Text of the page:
Since being diagnosed with interstitial cystitis, endometriosis and pelvic floor dysfunction, along with depression and anxiety, I feel like most people have stopped seeing me. They seem to only see the disabled girl with chronic pain and diseases that have no cure.
When I am introduced to someone new, the words and phrases people use to describe me make me feel small. They make me feel like I am not doing enough to “make myself better.” When they talk about me, they only seem to see the endless stream of tests, doctors and surgeries. They now see me as the girl with chronic pain. And it makes me feel like I need to push myself harder, when in reality I already push myself beyond my limit every single day just to try and have a sliver of the life I once had.
My illnesses are not usually fatal, and sometimes it feels like if you are not in danger of actually dying, people don’t feel the need to use their own energy and resources to help you. This may sound harsh, but I am finding it to be more and more true. When most people hear that someone has a chronic illness they know it is most likely going to “drag on” forever. From my experience, it can be hard to get people to support you if you are going to live with your disease forever and if there is no cure.
People with chronic illness often face a lifetime of pain, exhaustion and disability. A lifetime of people telling them to get over it and they they are too depressing to be around, along with failing to meet everyone’s expectations. It is also hurtful how family and friends can’t seem to understand how we can be fine one minute and then the next we are curled up on the couch in pain.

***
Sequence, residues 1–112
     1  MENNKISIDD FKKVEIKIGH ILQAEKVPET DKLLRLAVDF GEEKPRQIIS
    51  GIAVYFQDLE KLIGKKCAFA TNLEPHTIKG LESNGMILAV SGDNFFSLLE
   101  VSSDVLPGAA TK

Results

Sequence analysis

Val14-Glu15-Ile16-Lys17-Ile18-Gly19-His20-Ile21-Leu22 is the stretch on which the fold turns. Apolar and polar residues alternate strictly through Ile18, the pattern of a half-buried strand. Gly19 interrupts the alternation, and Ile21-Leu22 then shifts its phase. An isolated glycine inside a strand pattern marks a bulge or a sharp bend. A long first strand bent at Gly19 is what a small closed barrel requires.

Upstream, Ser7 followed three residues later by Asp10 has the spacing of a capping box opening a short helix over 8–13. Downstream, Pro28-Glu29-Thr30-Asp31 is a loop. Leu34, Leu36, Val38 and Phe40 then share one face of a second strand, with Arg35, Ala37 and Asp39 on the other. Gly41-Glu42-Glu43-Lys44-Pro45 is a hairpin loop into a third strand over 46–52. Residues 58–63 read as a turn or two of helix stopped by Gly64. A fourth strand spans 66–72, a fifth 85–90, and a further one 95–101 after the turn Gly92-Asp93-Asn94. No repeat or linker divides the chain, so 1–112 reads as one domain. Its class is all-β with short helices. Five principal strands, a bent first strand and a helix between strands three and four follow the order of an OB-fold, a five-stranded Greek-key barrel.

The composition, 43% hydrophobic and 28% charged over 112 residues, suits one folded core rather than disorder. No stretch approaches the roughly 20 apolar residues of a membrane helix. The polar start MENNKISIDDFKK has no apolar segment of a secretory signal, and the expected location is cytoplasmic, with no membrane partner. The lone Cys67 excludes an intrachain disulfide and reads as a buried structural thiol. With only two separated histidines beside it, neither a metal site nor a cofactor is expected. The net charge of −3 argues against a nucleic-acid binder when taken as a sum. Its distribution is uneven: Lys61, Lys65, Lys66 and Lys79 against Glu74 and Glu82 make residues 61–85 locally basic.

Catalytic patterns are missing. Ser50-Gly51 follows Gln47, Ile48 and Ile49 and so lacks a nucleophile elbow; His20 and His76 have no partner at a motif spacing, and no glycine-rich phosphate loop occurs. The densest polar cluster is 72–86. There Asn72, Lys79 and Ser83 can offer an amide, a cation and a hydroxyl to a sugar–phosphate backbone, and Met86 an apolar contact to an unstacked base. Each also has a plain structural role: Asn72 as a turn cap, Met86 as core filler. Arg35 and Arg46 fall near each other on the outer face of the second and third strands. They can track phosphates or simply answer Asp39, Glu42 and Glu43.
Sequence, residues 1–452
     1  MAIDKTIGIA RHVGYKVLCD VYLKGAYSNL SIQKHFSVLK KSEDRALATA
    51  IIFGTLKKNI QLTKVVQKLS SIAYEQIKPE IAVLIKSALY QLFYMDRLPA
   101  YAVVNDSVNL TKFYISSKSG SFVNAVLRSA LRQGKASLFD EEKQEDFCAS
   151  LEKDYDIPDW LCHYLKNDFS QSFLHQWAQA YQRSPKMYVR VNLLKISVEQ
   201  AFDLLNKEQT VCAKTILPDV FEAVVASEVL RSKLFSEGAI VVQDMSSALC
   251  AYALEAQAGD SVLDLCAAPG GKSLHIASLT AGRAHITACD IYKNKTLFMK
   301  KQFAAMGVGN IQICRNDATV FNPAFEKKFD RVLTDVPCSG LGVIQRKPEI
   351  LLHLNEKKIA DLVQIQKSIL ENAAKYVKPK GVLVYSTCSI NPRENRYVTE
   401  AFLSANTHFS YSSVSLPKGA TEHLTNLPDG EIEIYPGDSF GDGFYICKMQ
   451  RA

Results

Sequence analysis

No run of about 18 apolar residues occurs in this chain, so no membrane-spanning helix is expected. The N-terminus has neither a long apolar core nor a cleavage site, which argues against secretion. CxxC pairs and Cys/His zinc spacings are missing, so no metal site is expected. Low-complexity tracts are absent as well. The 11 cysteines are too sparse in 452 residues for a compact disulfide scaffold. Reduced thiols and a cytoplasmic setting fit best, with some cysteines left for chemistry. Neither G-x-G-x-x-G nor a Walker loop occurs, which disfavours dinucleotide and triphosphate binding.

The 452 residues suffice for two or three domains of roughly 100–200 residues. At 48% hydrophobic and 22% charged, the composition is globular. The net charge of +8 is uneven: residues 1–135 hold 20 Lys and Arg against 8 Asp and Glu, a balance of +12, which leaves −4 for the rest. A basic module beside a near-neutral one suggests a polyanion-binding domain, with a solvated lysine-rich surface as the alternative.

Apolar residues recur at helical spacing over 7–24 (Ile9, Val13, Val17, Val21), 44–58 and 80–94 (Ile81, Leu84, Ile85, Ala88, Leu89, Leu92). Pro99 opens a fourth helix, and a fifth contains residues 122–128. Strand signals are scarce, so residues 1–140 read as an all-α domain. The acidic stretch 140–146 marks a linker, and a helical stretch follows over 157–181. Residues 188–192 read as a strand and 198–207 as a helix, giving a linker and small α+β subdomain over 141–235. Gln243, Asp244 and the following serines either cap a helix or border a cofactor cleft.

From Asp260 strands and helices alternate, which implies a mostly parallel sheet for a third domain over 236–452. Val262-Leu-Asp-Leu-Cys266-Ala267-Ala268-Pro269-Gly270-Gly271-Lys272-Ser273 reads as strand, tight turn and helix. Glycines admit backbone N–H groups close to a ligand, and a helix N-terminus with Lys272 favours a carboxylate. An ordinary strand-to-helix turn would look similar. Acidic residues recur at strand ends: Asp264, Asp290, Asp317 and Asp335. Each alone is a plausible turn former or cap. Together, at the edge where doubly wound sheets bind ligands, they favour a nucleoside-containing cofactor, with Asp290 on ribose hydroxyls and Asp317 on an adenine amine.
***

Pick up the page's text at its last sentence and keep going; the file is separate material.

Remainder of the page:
I know for some of the best people I have ever met, those who have struggled with not having a diagnosis for years, finally having a name for their symptoms and illnesses is incredibly validating.
Once you finally have a name for what is “wrong” with you, it makes it much easier to treat, or at least manage your symptoms and pain. But along with the names of your illnesses and symptoms also comes judgment; at least it does in my life. Some people research your illness and learn at least a little about it so they can help you deal with the emotional part of it and be there for you.
But then there are those who search Google and find places that, for a one time payment can “cure” your disease — or this new medicine on the market with amazing reviews online for being natural, articles by people who have “cured themselves completely using ____,” or how thinking positive and talking about your feelings you can convince your body you don’t have an illness and can therefore “cure” yourself. But then they get upset when you don’t read all the “research” they did or do everything they think you should be doing, because the internet says it will help you.
I have only lived with my illnesses for five years. But in that time I have come across others in support groups and online forums who sometimes say they wish they had a condition people were more familiar with or took more seriously. Most chronic illnesses have no cures, only treatments, and some people just assume it will be the same thing every day, so why bother helping if it is going to be a never-ending process?